The Apache and Comanche Threat in Texas
The Condition of the Spanish Texas Colony in the Early Nineteenth Century
Guarding the Western Periphery: Spanish Colonial Alta California
Mexican Independence Comes to the Northern Frontier
Conclusion

CHAPTER 2
Life and Society in Mexico's Northern Borderlands, 1821-1846
Indian Relations on the Northern Frontier After Mexican Independence
Men of the Plains: New Mexican Ciboleros and Comancheros
The Opening of Commercial Markets: The Taos Trade Fair and the Santa Fe Trail
Conflict in New Mexico—the 1837 Revolt
Tejano Life on the Texas Frontier Under Mexico
The Never Ending Indian Menace: Comanche Raids in Texas
The Growing Conflict in Texas with Mexico
The Drive for Texas Independence
Making California Mexican
The California Missions: Making Indians Faithful and Industrious Christians
The Golden Age of California Ranching
The Californio Era Revolts Against Mexican Rule
Conclusion

CHAPTER 3
Mexican Americans in the Era of War and American
Westward Expansion
The Southwest on the Eve of the Mexican War
The Outbreak of War
The American Occupation of New Mexico
The 1847 Taos Revolt Against American Occupation of New Mexico
The American Occupation of California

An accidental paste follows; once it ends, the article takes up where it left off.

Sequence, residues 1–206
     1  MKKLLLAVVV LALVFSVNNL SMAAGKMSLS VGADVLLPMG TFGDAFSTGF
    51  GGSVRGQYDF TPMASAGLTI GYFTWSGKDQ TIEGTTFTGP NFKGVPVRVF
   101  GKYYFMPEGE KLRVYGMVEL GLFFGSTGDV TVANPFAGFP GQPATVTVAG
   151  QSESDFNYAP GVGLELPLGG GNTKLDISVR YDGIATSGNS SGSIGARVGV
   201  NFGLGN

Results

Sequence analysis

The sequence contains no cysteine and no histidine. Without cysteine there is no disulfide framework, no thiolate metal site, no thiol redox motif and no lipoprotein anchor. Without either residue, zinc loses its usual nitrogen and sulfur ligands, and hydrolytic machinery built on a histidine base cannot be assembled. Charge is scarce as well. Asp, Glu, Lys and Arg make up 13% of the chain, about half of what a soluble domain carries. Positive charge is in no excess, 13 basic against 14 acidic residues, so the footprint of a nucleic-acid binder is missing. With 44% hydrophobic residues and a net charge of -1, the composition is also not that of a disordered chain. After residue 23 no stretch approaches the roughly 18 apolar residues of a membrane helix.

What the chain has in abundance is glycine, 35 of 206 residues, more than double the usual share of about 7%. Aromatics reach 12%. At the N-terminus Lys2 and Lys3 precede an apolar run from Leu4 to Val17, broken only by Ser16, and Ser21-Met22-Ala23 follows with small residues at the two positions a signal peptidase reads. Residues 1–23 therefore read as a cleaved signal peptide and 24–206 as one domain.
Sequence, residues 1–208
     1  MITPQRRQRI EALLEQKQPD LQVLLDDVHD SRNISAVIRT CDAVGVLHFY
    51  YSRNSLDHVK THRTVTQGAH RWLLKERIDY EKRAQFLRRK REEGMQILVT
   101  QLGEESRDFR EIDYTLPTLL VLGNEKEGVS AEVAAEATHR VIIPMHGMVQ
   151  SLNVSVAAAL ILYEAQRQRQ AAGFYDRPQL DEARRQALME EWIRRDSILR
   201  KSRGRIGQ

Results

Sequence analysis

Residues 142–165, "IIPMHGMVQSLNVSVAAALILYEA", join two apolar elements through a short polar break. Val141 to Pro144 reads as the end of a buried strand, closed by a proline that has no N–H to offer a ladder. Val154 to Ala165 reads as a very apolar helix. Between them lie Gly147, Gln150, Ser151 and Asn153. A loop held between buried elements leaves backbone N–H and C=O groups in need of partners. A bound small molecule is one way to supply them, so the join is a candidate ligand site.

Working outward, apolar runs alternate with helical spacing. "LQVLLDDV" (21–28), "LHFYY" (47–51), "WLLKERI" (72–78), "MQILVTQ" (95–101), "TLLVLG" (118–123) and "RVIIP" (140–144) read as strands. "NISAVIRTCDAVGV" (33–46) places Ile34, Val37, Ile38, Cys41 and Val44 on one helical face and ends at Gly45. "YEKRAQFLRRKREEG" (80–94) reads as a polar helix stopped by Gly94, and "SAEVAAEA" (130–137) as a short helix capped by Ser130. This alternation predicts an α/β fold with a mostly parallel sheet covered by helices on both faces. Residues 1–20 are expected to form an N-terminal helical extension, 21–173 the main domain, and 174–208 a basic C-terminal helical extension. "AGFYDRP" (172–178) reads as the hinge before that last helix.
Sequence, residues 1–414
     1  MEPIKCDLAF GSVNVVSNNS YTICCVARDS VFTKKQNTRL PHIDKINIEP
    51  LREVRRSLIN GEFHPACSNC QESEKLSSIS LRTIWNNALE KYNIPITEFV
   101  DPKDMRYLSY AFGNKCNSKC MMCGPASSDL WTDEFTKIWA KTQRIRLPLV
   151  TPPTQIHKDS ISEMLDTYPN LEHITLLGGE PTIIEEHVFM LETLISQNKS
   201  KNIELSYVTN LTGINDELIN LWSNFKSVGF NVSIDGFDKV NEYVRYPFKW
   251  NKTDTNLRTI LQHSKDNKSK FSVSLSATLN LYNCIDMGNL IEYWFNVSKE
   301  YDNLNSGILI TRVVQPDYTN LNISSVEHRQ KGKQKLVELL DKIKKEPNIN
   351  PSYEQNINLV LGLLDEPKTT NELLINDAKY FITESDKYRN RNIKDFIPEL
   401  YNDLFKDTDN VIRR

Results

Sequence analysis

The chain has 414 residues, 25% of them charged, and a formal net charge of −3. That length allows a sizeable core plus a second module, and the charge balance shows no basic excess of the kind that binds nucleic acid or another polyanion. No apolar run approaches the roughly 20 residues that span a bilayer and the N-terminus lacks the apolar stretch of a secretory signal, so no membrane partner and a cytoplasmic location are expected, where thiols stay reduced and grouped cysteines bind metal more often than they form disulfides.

The Battles at Monterrey and Buena Vista
The Treaty of Guadalupe Hidalgo: The Enduring Paradox
Conclusion

CHAPTER 4
Mexican Americans from the 1850s to the End of the Civil War
Mexican Americans in the Post-Conquest Southwest
The Californio Banditti Joaquín Murieta and Tiburcio Vasquez
Juan Cortina: Champion and Hated Villain of the Texas Border Region
Mexican Americans in the American Civil War
Mexican Americans Fight in the Indian Wars
Conclusion

CHAPTER 5
Mexican Americans in the Southwest, 1870 to the Early
Twentieth Century
The Mexican Americans of California
The Tejanos and Mexicans of Texas
Disenfranchising Tejanos Voters as Political Strategy
The Mexicans of Arizona and New Mexico
The United States and the New Mexico Land Grants Question
Las Gorras Blancas and El Centillo de Diablo (the Devil's Hatband)
Statehood for New Mexico and Arizona?
The New Southwest Economy and the First Modern Phase of Mexican Immigration to the United States
Conclusion

CHAPTER 6
Mexican Immigration, Work, Urbanization, and Americanization,
1910-1929
Mexican Labor Strife and Struggle
Tejano Freedom Fighters: The Plan de San Diego
The Killing Fields of South Texas
Immigration from Mexico During the 1910-1920 Years
Mexicans, World War I, and the 1920-1921 Depression
Mexican Immigration from 1920 to 1929
Mexican Los Angeles
Mexicans in the Rocky Mountain and Plains States
Mexicans in the Urban Industrial Heartland
Mexicans and Social and Cultural Change and Americanization
Mexican Mutualism and Fraternalism
Conclusion

CHAPTER 7
The Mexican American Struggle for Labor Rights in the Era of the
Great Depression